Table-Level Privileges

When you create a table with the CREATE TABLE statement, you are the table owner and automatically receive all table-level privileges. You cannot transfer ownership to another user, but you can grant table-level privileges to another user or to a role. (See, however, RENAME TABLE statement, which can change both the name and the ownership of a table.)

A user with the database-level DBA privilege automatically receives all table-level privileges on every table in that database.
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Table-Level Privileges

          .-PRIVILEGES-.                                          
|--+-ALL--+------------+--------------------------------------+-->
   | .-,----------------------------------------------------. |   
   | V                                                      | |   
   '---+-INSERT-------------------------------------------+-+-'   
       +-DELETE-------------------------------------------+       
       |                                              (1) |       
       +-+-UPDATE-------------+--+------------------+-----+       
       | |  (1)               |  |    .-,------.    |     |       
       | '-----+-SELECT-----+-'  |    V        |    |     |       
       |       '-REFERENCES-'    '-(----column-+--)-'     |       
       |  (1)                                             |       
       '-----+-ALTER-+------------------------------------'       
             +-INDEX-+                                            
             '-UNDER-'                                            

>--ON--+-----------+--+-table---+-------------------------------|
       '-owner-- . '  +-view----+   
                      '-synonym-'   

Notes:
  1. Informix® extension
Element Description Restrictions Syntax
column Column on which the References, Select, or Update privilege is granted. Default scope is all columns of table, view, or synonym. Must be a column of the table, view, or synonym Identifier
owner Name of the user who owns the table, view, or synonym Must be a valid authorization identifier Owner name
synonym, table, view Synonym, table, or view on which privileges are granted. Must exist in the current database Identifier
The GRANT statement can list one or more of the following keywords to specify the table privileges that you grant to the same users or roles.
Privilege Effect
INSERT Lets you insert rows
DELETE Lets you delete rows
SELECT Lets you access any column in SELECT statements. You can restrict the Select privilege to one or more columns by listing the columns.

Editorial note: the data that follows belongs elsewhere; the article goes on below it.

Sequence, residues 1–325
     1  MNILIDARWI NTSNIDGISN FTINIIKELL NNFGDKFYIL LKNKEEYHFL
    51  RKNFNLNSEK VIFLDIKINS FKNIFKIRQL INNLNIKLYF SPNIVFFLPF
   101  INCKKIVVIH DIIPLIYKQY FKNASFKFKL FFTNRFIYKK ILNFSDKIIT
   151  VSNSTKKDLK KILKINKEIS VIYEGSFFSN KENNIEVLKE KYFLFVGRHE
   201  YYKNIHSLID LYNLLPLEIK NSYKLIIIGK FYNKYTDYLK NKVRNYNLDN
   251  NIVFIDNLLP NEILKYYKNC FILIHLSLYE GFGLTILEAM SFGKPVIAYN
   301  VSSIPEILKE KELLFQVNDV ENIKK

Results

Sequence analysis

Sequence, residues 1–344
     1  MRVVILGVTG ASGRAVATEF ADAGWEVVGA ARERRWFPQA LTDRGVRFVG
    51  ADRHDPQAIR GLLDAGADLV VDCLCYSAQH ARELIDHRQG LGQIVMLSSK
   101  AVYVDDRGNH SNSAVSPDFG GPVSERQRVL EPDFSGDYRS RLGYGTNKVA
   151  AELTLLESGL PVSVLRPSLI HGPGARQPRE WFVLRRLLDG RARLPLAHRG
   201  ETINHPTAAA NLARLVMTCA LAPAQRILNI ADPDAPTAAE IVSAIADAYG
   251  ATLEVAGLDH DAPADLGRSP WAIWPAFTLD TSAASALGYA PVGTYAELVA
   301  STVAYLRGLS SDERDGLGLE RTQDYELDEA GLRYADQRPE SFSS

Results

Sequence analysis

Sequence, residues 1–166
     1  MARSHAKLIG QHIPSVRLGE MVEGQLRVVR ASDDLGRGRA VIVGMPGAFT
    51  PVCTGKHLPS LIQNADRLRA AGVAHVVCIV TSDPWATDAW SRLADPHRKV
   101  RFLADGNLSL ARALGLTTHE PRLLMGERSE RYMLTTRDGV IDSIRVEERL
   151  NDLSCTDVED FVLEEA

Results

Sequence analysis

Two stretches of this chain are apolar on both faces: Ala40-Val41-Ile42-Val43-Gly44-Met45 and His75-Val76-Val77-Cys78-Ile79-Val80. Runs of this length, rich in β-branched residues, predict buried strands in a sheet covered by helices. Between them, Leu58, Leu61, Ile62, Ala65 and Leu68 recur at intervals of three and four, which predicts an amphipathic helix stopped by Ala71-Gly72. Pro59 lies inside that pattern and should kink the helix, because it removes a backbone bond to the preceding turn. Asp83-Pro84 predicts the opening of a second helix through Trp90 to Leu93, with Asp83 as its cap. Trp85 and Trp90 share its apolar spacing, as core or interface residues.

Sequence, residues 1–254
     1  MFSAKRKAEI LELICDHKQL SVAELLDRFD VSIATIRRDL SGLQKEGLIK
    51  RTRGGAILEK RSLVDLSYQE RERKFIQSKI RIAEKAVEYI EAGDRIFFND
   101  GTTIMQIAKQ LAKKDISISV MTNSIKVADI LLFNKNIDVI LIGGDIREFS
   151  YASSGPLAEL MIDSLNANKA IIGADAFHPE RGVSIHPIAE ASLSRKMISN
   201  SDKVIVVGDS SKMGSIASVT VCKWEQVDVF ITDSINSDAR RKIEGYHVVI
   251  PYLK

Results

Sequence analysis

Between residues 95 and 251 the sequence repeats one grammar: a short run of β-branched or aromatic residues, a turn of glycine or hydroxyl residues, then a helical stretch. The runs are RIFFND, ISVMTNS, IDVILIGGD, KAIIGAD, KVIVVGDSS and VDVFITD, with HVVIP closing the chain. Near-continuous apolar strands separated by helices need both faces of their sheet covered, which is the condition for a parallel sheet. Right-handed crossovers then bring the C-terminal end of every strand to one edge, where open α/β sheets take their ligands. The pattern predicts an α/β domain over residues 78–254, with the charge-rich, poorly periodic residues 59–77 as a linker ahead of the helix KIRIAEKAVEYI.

UPDATE Lets you access any column in UPDATE statements. You can restrict the Update privilege to one or more columns by listing the columns.
REFERENCES Lets you define referential constraints on columns. You must have the Resource privilege to take advantage of the References privilege. (You can add, however, a referential constraint during an ALTER TABLE statement without holding the Resource privilege on the database.) You need only the References privilege to indicate cascading deletes. You do not need the Delete privilege to place cascading deletes on a table. You can restrict the References privilege to one or more columns by listing the columns.
INDEX Lets you create permanent indexes. You must have the Resource privilege to use the Index privilege. (Any user with the Connect privilege can create an index on temporary tables.)
ALTER Lets you add or delete columns, modify column data types, add or delete constraints, change the locking mode of the table from PAGE to ROW, or add or drop a corresponding ROW data type for your table. It also lets you enable or disable indexes, constraints and triggers, as described in SET Database Object Mode statement.

You must have the Resource privilege to use the Alter privilege. In addition, you also need the Usage privilege for any user-defined data type affected by the ALTER TABLE statement.

UNDER Lets you create sub-tables under a typed table.
ALL Provides all privileges listed above. The PRIVILEGES keyword is optional.

You can narrow the scope of a Select, Update, or References privilege by specifying the columns to which the privilege applies.

Specify the keyword PUBLIC as user if you intend the GRANT statement to apply to all users.

Some simple examples that follow illustrate how to give table-level privileges with the GRANT statement.

The following statement grants the privilege to delete and select values in any column in the table customer to users mary and john. It also grants the Update privilege, but only for columns customer_num, fname, and lname:
GRANT DELETE, SELECT, UPDATE (customer_num, fname, lname)
   ON customer TO mary, john;
To grant the same privileges as those above to all authorized users, use the keyword PUBLIC as the following example shows:
GRANT DELETE, SELECT, UPDATE (customer_num, fname, lname)
   ON customer TO PUBLIC;
For example, suppose a user named mary has created a typed table named tab1. By default, only user mary can create subtables under the tab1 table. If mary wants to grant the ability to create subtables under the tab1 table to a user named john, mary must enter the following GRANT statement:
GRANT UNDER ON tab1 TO john;

After receiving the Under privilege on table tab1, user john can create one or more subtables under tab1.


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